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Celebrating our U.S. armed forces

We owe it to service members to make sure our government deploys the military justly and wisely

A U.S. Marine takes part in a joint military exercise in the Philippines on May 6. Associated Press/Photo by Aaron Favila

Celebrating our U.S. armed forces
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America celebrates our Armed Forces this week, culminating in Armed Forces Day on Saturday, May 18. Americans dedicate this week to honor the men and women who are currently serving our country, even as the marker is one of those lesser-known observances on our national calendar. The average age of our armed forces service members is 29 and younger, with many having graduated from high school in just the past four years.

What are the appropriate ways we can honor those currently serving? First, by ensuring the social contract to care for their health and safety and for the well-being of their families. Tied to this social contract is the understanding that when they are sent into harm’s way, it is because national leaders have determined that deploying the military is for U.S. national security purposes and is in alignment with just war theory, with decisions made by proper government authority, for a just cause, and with the right intention.

I routinely speak to students, and they regularly ask about the morality of using military force, and this is how they often ask the question: “Is there ever a time when it is moral and appropriate for us to use force?” Those three principles answer the question that there are times that government officials have a responsibility to pursue security and justice and that they can do so with right motivations, such as righteous indignation towards injustice and neighbor-love activating defense of the vulnerable.

Students then typically focus on specific conflicts. If our national borders and territory are attacked, our government has a responsibility to act to defend our citizens. At the same time, the United States has a network of alliances, the most important of all being our North Atlantic Treaty Organization (NATO) obligations. We and our allies such as the United Kingdom, the Netherlands, and Poland, made a commitment that if one of us is attacked, it is an attack on all of us (Article 5). In our collective security arrangements, there are also other times we may need to use force. For instance, when there’s a violent violation of international law in our immediate neighborhood (e.g. the Caribbean, Mexico) or when other key allies, such as South Korea, Japan, or Australia, are attacked. The United States has also promised to act in certain other instances (i.e. the Genocide Convention) to stop gross human rights abuses such as genocide.

This week, we should reflect on those serving our country and consider applying these principles to specific conflicts during the Biden administration.

This Armed Forces Day, thank one of our magnificent heroes in uniform.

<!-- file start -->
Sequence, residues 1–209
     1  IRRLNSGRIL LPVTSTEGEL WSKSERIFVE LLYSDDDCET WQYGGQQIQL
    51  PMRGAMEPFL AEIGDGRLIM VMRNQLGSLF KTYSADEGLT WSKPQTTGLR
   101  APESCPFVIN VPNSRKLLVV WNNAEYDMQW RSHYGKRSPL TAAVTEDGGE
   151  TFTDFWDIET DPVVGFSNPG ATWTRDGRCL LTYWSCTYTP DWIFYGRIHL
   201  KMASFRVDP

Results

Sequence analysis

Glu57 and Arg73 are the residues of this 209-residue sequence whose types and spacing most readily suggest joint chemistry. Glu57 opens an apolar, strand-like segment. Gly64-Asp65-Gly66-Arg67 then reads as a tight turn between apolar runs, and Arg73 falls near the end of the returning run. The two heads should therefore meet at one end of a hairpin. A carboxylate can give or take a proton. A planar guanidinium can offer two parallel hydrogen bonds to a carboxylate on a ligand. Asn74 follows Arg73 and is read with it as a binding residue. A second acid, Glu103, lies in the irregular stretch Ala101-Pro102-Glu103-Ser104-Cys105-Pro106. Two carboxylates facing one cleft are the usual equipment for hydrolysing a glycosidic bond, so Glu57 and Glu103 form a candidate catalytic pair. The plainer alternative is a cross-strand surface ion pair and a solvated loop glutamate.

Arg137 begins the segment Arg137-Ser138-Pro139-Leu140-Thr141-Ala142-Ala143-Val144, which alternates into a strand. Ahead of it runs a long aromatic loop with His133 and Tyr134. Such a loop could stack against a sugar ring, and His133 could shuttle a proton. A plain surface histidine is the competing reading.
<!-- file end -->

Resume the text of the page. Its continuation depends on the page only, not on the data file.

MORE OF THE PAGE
When one considers the hasty surrender of Afghanistan to the Taliban in 2021, it is hard to see how that set of strategic choices was good for us or our allies. Not only did we leave behind hundreds of thousands of Afghan supporters and allies, but when the administration fled the scene, the decision resulted in the deaths of U.S. personnel (note: no U.S. military personnel had died in combat in Afghanistan for more than a year). Moreover, within just a few months the intelligence community reported that Afghanistan was once again a potential launchpad for terrorist strikes on the U.S. homeland. When it came to Afghanistan, our young adults were in danger, but they seemed to be keeping the focus of some forms of terrorism at bay far from our shores, and we had few deaths in recent years.

When it comes supporting Ukraine, neither major U.S. political party is calling to insert U.S. combat troops. That being said, the Biden administration has pursued a prudent policy: Keep the Russia threat—a present threat to our NATO allies—tied down in a war in Ukraine, while the West gives the Ukrainians a fair chance to defend themselves. Containment is an appropriate security strategy for dealing with a bellicose Russia.

What about Israel’s fight against Hamas? Strangely, students never ask me when we are going to send U.S. troops to release the U.S. citizens taken captive on Oct. 7. If practicable, such would be a morally legitimate use of force, although whether it is prudent must be carefully considered. On the other hand, the Biden administration is deploying a “humanitarian pier” to Gaza, ostensibly to provide humanitarian relief to Palestinian civilians. This pier has been built and will be moved into position under the direct protection of U.S military personnel. In other words, we are putting our military into the gunsights of Hamas, Islamic Jihad, and other groups. This is not a wise deployment of America’s soldiers and sailors. This policy decision places them as sitting ducks for terrorists. Just remember what happened in Somalia back in 1993.

This Armed Forces Day, thank one of our magnificent heroes in uniform. And, all of us—as taxpayers and citizens—ought to rededicate ourselves to the social contract of caring for our troops whether at home or when they are duty.

Eric Patterson

Eric Patterson is president and CEO of the Victims of Communism Memorial Foundation in Washington, D.C., and past dean of the School of Government at Regent University. He is the author or editor of more than 20 books, including Just American Wars, Politics in a Religious World, and Ending Wars Well.

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